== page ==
Title: Gringolandia
Author: Lyn Miller-Lachmann
ISBN: 9781931896498
Pages: 279 pages
Publisher/Date: Curbstone Press, c2009.

“Marcelo knew only what the other prisoners told him. In the third year of a nineteen-year sentence, he awakened one day unable to move. Unable even to speak, his tongue a huge cotton plug in his mouth.
The companeros’ version too was sketchy, incomplete. Guards had taken him downstairs to the commander on a Sunday morning. The companeros recalled it was Sunday, for the doctors, the ones who kept the prisoners alive so they could be tortured another day, were gone to church. He was dragged back to the cell the next day–naked, unconscious, covered in filth, bleeding from his nose and right ear.
Several hours later he had a seizure. Guards took him away again. (8)

Marcelo Aguilar Gaetani was locked in a prison and tortured by Chilean officials for six years for running an underground newspaper that reported crimes against the citizens. Now, he’s moved to Madison, Wisconsin to rejoin his family, seventeen-year-old Daniel, 13-year-old Tina, and their mother. He speaks no English, is paralyzed on the one side, is an alcoholic, and suffers from nightmares of the abuses that occurred to him and his companions. Understandably, Daniel doesn’t know what to think of his father, except that he feels responsible for his father’s capture that night six years ago. When Marcelo starts speaking and trying to publish his experiences, he’s disappointed by his lack of ability to make a difference thousands of miles away from his own country. And that’s when, with the help of Daniel and his girlfriend Courtney, Daniel’s father concots a hair-brained scheme to return to the country that threw him out and wants him dead.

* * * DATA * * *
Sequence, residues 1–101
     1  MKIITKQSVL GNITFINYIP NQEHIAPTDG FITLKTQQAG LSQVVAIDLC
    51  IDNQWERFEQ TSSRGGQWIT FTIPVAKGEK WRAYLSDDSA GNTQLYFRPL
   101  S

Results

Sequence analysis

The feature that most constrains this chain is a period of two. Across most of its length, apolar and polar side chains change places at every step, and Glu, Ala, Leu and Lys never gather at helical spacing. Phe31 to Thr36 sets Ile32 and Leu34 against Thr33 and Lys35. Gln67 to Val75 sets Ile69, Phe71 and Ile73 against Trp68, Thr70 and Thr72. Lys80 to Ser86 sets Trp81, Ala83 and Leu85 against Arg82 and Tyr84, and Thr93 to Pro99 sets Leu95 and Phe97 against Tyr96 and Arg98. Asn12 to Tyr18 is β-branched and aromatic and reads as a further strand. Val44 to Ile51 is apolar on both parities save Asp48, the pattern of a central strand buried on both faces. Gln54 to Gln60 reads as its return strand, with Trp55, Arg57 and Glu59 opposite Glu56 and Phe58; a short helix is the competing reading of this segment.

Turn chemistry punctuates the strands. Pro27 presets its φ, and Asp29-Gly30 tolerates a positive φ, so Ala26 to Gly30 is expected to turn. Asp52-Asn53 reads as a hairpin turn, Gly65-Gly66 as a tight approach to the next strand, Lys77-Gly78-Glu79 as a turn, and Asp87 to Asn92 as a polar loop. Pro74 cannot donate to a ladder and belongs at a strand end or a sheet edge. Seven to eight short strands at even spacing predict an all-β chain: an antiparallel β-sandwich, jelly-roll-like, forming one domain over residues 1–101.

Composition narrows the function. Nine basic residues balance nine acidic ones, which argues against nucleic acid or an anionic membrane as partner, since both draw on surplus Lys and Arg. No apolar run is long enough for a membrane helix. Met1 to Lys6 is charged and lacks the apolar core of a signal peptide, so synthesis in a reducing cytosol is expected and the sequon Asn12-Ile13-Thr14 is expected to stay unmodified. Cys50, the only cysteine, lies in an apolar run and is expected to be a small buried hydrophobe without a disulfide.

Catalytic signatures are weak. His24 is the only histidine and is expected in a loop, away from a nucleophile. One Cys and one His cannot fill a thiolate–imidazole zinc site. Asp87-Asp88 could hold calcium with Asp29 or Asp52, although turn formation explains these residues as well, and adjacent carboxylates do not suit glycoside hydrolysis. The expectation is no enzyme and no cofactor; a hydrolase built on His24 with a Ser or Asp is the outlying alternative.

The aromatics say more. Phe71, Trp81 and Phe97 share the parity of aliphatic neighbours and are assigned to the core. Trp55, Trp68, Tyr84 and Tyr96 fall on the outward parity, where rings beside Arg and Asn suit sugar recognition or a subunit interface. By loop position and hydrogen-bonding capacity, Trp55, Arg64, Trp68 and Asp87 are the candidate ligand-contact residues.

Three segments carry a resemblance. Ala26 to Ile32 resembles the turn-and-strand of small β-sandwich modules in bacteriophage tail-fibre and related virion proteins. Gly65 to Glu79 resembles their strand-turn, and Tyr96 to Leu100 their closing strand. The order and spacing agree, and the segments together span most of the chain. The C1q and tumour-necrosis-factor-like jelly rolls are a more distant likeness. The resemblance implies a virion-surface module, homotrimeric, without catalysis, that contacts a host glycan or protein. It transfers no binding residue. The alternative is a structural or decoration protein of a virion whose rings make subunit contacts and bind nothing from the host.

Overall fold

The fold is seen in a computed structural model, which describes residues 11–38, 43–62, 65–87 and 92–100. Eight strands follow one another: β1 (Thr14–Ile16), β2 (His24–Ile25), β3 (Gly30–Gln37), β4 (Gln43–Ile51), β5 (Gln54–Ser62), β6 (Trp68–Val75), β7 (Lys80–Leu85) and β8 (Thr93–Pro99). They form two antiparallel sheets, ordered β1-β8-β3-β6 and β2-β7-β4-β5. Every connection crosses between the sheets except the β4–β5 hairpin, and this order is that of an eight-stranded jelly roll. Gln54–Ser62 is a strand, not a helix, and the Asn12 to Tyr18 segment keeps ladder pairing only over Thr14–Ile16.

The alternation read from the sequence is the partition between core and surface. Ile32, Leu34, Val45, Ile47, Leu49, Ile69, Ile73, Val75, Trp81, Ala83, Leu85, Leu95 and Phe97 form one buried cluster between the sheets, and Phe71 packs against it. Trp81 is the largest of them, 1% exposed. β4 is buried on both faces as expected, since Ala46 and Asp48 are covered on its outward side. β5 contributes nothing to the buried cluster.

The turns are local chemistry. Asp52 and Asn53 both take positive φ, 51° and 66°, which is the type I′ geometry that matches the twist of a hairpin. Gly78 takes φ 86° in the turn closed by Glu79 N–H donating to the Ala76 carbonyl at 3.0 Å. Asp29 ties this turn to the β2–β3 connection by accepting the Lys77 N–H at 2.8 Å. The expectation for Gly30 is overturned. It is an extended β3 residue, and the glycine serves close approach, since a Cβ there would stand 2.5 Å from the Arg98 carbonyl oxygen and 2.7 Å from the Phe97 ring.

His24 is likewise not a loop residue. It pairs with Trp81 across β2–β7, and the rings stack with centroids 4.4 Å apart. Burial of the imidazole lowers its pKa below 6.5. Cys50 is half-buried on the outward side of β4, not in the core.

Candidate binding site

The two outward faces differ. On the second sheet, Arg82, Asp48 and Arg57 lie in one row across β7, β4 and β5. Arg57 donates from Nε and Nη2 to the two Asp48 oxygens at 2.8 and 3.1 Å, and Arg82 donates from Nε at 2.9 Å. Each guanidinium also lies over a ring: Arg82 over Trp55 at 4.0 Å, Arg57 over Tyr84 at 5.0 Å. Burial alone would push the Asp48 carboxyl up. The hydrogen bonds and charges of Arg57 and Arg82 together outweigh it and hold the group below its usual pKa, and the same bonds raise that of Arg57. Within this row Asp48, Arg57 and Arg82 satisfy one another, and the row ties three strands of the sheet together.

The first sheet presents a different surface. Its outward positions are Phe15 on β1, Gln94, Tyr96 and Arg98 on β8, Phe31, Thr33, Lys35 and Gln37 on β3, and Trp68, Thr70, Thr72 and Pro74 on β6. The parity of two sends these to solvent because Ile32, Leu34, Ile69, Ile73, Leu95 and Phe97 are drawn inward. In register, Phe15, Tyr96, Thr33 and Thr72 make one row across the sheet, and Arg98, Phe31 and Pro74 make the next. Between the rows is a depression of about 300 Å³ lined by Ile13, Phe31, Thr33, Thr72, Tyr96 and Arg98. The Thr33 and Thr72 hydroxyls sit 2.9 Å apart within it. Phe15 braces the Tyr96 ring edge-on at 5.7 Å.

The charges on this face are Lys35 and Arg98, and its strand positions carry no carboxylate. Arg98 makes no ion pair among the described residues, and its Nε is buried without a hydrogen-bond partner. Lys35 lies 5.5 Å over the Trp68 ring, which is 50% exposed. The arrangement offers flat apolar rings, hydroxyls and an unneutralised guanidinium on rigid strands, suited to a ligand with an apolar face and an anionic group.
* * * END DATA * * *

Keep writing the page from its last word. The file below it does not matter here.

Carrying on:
Lyn Miller-Lachmann does an excellent job grabbing the reader’s attention from the very beginning. It opens with Daniel witnessing his father being arrested and beaten, shifts gears several years later to Marcelo’s experience in captivity, and then fast forwards again to the reunion between Marcelo, his wife, and Daniel. Some chapters are also written from Courtney’s perspective, which reveal that she has her own secret reasons for assisting Daniel and his dad. I imagine much like PTSD that soldiers suffer from after battle, Marcelo has to deal with the side effects of his brutal torture, including rage, pain, and feelings of inadequacy. Daniel also must come to terms with his guilt of leading to his father’s arrest while facing his father’s dramatic transformation from the soccer playing, taxi driving father to the war-torn, broken, paranoid, unshaven man that occuppies his couch because he can’t be close to anyone. While a little more background involving the conflict might have been appreciated, it did a good job of keeping the politics and history to a minimum and focusing on the family’s story. The morals of the United States, the different government factions of Chile, and even Daniel, Marcelo and his companions are called into question, but that’s not the driving force behind the novel. Instead they’re all trying to reassemble a family that has been irrevocably torn apart through no fault of their own, and trying not to blame each other for the change that has occurred over the last six years. Readers might be slightly confused by the cover until they reach the final pages of the novel, and the ending leaves readers asking themselves “What would you have done?” if placed in the same situation.